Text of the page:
So, anyone who knows me knows that I am now a full-fledged runner. The running is in my blood and I have no plans of stopping. In order to support my running, I started lifting weights, practicing yoga, and lap swimming. All of these things are done in an effort to improve my strength and recovery and ultimately make me a better runner. I find that the swimming helps flesh out the junk in my muscles from all of the running and it has the added bonus of making me feel like a mermaid, and what girl doesn’t love that feeling? So, over several months, my Instagram account has begun sharing a little of its focus on swimming in addition to my running. I have been fortunate enough to forge connections with triathletes in my area and all around the world. I am always open about the admiration I have for them. The notion of doing three sports in a row in a race setting is mind blowing to me. Because of my swimming and running many have asked me the question, “are you considering a triathlon?” I always reply, “well, I am always kind of flirting with the idea of trying one, but no, I don’t think I’ll be doing one any time soon.” Well, I just completed my first sprint triathlon and I am kind of freaking out over here!
So, I’ll back up. I was able to meet three local triathletes through social media. One of them I met in person for the fist time recently as we volunteered at the Texas Ironman race. He and I have had several poignant online conversations regarding juggling our spouses, family, work, and pursuing our passions. it truly is a juggling act, and it’s nice to have a friend that can relate. The other two social media friends I had met in person prior to our volunteering at the Texas Ironman race. Bryan serves as a Chevron Houston Marathon Ambassador with me, and Rachel serves as a Nuun Hydration team member with me. I met Bryan in person for the first time at last year’s Chevron Houston Marathon, and then again at our 2017 ambassador meeting. Rachel and I were both selected to run for Team Nuun at the Ragnar Trail Atlanta Relay Race, so we actually got to spend a weekend together. All four of us volunteered at Ironman Texas and it was decided that I needed to participate in a local sprint triathlon. It was settled. I would borrow Rachel’s extra road bike. I would tackle the race. Yikes! I don’t have any real biking experience! I had never been swimming in open water with a bunch of other people in a race situation. How was I going to pull this off? Could I really do it? I told them I’d think it over. I told them to let me go do some lap swimming right before a spin class at my gym and see how well it would go for me. I told them I wasn’t sure I could do it.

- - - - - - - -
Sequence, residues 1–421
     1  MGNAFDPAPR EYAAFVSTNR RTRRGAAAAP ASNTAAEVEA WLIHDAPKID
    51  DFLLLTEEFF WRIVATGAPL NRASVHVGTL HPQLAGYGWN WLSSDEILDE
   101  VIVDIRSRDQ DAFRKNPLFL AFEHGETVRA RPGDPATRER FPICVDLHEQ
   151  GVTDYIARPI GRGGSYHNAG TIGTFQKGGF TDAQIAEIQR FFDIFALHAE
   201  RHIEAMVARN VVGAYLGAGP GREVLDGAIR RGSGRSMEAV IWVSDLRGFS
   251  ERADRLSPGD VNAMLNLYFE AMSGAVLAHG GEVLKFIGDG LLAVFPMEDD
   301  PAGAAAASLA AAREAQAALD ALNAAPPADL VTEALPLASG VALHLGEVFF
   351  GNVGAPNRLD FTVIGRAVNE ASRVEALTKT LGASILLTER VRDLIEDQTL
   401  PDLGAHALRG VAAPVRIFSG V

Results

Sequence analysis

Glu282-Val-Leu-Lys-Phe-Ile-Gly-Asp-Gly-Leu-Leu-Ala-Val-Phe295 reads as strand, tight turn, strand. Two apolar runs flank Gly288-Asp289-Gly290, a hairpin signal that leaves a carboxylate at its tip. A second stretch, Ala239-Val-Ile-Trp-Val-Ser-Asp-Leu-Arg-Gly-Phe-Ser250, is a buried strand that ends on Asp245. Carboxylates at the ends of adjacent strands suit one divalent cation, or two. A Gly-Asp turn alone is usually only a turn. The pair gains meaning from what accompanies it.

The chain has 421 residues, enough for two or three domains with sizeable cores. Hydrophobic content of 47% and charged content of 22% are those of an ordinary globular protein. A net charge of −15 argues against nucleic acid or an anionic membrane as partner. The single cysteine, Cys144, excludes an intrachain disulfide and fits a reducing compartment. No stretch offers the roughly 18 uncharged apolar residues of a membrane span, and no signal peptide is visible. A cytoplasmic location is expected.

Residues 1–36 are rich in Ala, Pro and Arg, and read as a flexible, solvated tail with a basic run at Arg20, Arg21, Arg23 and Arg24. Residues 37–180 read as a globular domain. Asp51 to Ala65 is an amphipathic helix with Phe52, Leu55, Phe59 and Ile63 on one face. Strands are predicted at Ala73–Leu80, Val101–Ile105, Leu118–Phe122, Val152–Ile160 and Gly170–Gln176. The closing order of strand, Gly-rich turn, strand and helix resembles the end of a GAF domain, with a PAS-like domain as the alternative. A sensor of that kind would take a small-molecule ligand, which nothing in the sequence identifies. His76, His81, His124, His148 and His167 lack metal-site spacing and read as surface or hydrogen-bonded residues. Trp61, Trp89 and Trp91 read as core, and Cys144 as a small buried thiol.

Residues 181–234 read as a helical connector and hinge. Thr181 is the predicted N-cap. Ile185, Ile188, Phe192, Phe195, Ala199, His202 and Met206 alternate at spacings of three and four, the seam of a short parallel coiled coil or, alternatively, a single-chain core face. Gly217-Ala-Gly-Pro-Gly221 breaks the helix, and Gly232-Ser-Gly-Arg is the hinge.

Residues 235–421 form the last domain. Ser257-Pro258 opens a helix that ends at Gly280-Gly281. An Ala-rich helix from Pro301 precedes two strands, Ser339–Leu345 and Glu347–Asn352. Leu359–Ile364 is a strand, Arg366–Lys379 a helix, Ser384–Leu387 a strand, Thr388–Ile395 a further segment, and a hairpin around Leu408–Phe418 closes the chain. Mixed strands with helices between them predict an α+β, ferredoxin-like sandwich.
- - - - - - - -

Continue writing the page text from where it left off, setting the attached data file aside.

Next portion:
Over the course of a few days I tried to visualize myself completing the triathlon, but I still had so much worry about it. The truth is, I was scared about falling flat on my face. I was scared that I would be really bad at this triathlon. Doing something different is uncomfortable, but along with that fear of the unknown, comes the undeniable thrill of taking a risk. So, I vowed to give this the old college try. I went to my gym and swam a 500, then attended an hour long spin class. The swim was nice, short, and felt great. The spin class was challenging, but I felt in control the whole time. I realized that I am fit. I am capable of doing so many athletic things since I am fit. This feeling is so empowering for me.
The next step was to borrow the bike and trainer from Rachel, lower the seat (Rachel is a little leg-gier than me, much to my chagrin 😉), purchase clip-in shoes, and a helmet. My next course of action was to put the bike on the trainer, don my shoes, and practice clipping in and out of the pedals a million times. Next, my aforementioned friend Bryan hooked me up with a group in my area I could ride with. I rode with them one Saturday morning and I was keenly aware that two of the six guys were sacrificing their rides by hanging back with me. I felt pretty bad about that and told them so a half dozen times. They assured me that they had a race the following day and weren’t interested in a super hard ride, so that made me feel much better. I was so very nervous as we pulled out of the driveway, that I fell and skinned my knee right there on the driveway. It was quite embarrassing, but also quite expected, so I shook it off and we set out on our ride.